Han’s Mount Rushmore of all-time greatest today- the Washington Senators/ Minnesota Twins franchise.  From 1901 until 1960 they were known as the Washington Senators [not to be confused with the 1960’s expansion team of the same name} In Washington the Senators were more often than not a doormat but they did win 3 American League pennants and one World Series in 1924. Since moving to Minnesota in 1961 the Twins have won three American League pennants and two World Series- the last being in 1991. Picking the Mount Rushmore of Senators/ Twins is the easiest one to do since the first one I did -the Yankees. They have had some great players over the past 118 seasons but four players to me stand out above the rest.

  1. WALTER ‘BIG TRAIN’ JOHNSON: “Barney” if not the greatest pitcher in baseball history is certainly on the Mount Rushmore of Greatest Pitchers Ever.” Was also known as one of the great gentlemen in the game. He was the fastest pitcher of his time and had great control, he had a sidearm deliver and  he worried about hitting batters. Ty Cobb knew this and would crowd the plate against him. Cobb whose career average against everyone was .366 -had a .366 average against Johnson. Johnson’s Senators until near the end of his career were a second division losing team- which makes Johnson’s all time record of 417-279 2.17 ERA all the more remarkable. He won 20 or more games a dozen times-including ten seasons in a row from 1910-19. Has the record for most shutouts -110. Johnson was also an outstanding hitter for a pitcher- hitting 24 career home runs with a .235 average. In 1936 he was one of the first five players elected into the new Baseball Hall of Fame-along with Ty Cobb, Babe Ruth, Christy Mathewson and Honus Wagner.



2. HARMON KILLEBREW: Killebrew played 21 of his 22 seasons with the Senators/Twins before finishing his career with one season with the Royals. He was a great power hitter leading the league in home runs six times and finishing his career with 573. AL MVP in 1969. Had this in common with Walter Johnson- was known as one of the nicest guys in the game. During his career he was a regular in left field, third base and at first base. A career .256 hitter he never hit  .300 in any season of his career but with his power who cares. He edges out Carew for #2 due to Carew’s spending 12 out of his 19 seasons with the Twins- and the rest with the Angels.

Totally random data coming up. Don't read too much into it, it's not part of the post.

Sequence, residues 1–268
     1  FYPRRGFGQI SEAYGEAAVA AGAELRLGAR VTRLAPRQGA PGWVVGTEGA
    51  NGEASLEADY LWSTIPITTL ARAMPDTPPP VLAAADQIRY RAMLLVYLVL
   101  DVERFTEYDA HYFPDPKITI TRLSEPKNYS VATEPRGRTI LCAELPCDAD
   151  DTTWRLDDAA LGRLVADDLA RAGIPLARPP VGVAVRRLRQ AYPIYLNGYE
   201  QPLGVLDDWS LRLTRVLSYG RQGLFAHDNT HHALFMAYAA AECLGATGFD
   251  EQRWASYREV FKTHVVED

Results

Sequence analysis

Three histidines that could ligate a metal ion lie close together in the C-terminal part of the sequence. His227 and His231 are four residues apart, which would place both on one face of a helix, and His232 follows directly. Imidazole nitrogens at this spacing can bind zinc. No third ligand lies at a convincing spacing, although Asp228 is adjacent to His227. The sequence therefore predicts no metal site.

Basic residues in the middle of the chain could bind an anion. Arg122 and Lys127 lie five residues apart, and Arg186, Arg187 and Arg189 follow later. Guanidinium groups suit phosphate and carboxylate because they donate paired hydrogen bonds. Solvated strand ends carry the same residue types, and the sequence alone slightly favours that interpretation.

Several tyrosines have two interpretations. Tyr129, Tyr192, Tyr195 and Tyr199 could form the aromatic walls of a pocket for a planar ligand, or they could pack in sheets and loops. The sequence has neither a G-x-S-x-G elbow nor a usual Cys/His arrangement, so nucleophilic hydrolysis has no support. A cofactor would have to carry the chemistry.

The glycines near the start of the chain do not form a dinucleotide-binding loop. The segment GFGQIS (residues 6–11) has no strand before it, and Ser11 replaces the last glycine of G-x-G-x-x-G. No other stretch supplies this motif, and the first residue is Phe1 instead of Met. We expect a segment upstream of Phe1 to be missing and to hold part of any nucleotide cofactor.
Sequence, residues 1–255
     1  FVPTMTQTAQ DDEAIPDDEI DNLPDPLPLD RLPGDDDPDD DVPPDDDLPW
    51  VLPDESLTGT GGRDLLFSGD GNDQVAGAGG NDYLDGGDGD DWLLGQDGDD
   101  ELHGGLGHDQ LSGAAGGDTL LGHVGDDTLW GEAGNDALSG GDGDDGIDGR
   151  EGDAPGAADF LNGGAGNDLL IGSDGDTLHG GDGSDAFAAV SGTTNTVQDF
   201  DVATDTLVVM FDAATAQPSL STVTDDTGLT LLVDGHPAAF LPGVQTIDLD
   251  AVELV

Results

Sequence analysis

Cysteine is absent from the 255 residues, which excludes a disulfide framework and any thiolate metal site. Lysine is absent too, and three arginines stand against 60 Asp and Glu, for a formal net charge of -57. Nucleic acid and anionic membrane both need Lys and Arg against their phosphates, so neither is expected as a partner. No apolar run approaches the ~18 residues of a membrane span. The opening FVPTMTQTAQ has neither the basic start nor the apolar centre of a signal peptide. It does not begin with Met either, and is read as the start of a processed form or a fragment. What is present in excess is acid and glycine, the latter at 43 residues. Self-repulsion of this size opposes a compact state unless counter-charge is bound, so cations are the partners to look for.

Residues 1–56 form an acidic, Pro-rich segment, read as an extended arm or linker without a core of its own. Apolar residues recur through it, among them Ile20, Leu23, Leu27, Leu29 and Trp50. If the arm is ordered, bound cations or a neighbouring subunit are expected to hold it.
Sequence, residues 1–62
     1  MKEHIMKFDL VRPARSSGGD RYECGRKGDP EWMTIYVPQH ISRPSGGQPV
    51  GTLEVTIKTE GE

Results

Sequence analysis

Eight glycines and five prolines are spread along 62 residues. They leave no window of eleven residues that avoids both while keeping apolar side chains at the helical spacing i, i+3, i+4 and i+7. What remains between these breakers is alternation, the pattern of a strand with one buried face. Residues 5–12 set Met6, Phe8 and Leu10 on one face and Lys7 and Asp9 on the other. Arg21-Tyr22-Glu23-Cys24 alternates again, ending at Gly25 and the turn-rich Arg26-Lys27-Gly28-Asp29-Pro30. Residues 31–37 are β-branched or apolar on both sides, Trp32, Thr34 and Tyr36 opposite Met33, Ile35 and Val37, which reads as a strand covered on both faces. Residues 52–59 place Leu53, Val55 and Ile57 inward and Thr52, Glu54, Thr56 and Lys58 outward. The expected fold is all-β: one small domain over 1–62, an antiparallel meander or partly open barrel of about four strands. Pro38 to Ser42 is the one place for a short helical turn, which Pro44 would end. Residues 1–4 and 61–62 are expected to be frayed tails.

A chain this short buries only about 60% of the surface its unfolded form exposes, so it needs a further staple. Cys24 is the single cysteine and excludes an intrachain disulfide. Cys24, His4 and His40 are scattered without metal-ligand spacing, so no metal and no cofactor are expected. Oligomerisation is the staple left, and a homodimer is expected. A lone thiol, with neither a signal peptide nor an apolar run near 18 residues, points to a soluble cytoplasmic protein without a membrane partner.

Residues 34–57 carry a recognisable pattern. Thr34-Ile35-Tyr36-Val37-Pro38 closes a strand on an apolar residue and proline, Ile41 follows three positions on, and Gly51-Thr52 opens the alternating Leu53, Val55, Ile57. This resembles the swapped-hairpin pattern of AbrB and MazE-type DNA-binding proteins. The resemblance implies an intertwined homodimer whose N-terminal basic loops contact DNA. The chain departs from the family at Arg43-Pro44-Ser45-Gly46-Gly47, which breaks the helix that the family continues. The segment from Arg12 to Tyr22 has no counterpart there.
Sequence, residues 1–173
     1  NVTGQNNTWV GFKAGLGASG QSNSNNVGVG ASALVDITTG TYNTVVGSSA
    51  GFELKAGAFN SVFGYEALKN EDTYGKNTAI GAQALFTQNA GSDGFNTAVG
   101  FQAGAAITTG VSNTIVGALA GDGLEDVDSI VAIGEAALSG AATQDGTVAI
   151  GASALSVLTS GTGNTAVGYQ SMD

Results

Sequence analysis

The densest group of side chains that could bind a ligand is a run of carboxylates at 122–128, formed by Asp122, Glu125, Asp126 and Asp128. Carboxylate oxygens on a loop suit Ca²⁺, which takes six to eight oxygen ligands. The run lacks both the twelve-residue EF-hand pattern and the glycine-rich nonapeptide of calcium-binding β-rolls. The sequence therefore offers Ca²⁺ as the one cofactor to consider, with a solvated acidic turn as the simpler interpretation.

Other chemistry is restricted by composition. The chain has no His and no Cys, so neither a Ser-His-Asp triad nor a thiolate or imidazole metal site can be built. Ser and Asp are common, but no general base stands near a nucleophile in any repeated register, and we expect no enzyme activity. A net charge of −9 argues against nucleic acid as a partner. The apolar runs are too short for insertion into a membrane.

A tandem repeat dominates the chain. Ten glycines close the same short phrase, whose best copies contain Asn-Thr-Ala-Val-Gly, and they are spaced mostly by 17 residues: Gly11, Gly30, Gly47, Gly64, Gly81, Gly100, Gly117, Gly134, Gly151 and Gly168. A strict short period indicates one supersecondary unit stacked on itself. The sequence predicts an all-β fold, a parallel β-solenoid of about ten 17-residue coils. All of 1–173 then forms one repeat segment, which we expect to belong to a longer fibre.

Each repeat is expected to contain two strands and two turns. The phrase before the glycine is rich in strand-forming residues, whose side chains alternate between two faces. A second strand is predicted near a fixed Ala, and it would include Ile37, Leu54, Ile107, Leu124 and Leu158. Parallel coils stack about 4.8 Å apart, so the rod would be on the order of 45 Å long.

3. ROD CAREW: A hitting machine. He was the opposite of the power hitting Killebrew. Carew was about average- and he won 7 American League batting titles all as a Twin. In 1977 he made a run at .400 before finishing at .388.He won the AL MVP Award that season. Also had great speed stealing 353 bases in his career. Carew had great bat control. He could foul off a pitch that was a strike- but a pitch he couldn’t hit well -until he got a pitch more to his liking.


  1. KIRBY PUCKETT: Puckett was a fun player to watch. He seemed to love playing the game. He was the best player on the two World Series Championships that the Twins have won in Minnesota. He was an all-star in 10 of his 12 seasons. His career ended at 35 due to loss of vision in one ear. His career battling average .318 and while not a big power hitter he had 20 home run a year power. Won six Gold Glove Awards. One of the great highlights of his career and one of the great home runs ever was his game winner in Game 6 of the 1991 World Series- which forced a Game 7 in which the Twins won.  His post-retirement years were a nightmare- he died of a stroke at 45.



  1. You nailed it…
    Rod Carew was a favorite of mine to watch hit. He must have been so frustrating to pitch to…he would work a pitcher to death.

    • i wish back then they would have had the detailed box scores they have today- would be interesting to see how many pitches a game he would work a pitcher.

    • The only hitter I can remember doing that well…and no I’m not in any way comparing…was Brett Butler. Carew was one guy that the Boss couldn’t ever get his hands on for one reason or another…He tried and tried to trade for him.

    • Butler is a guy who made the most of his talents- I wonder how many bunt hits he had in his career? He had 2375 hits in his career and i think they were all bunt singles or little flairs over infielders heads… in our lifetime only two hitters have a better career BA than Carew- Carew’s is 327.8- Boggs 227. 9– and then there is Tony Gwynn at .338.2.

    • I was happy when the Dodgers traded for Butler because he was like a gnat with the Giants…he would get on base no matter what… and the other team knew what was coming.

      I didn’t realize Boggs and Carew were that close. Gwynn lived and breathed studying video. Great hitter.

    • That is fascinating- Butler had a full seasons worth of bunt singles during his career! I didn’t realized Mazzeli was so successful. I didn’t realize that would have had stats on some of those guys back in the 1960’s..

    • I didn’t think they would have those stats either. I remember the third basemen would be on top of Butler and he would still but it past him. That is a lot of bunt hits!

    • That was exciting watching on tv- I was rooting for the Twins.. I can’t imagine what it was like inside the Metrodome.

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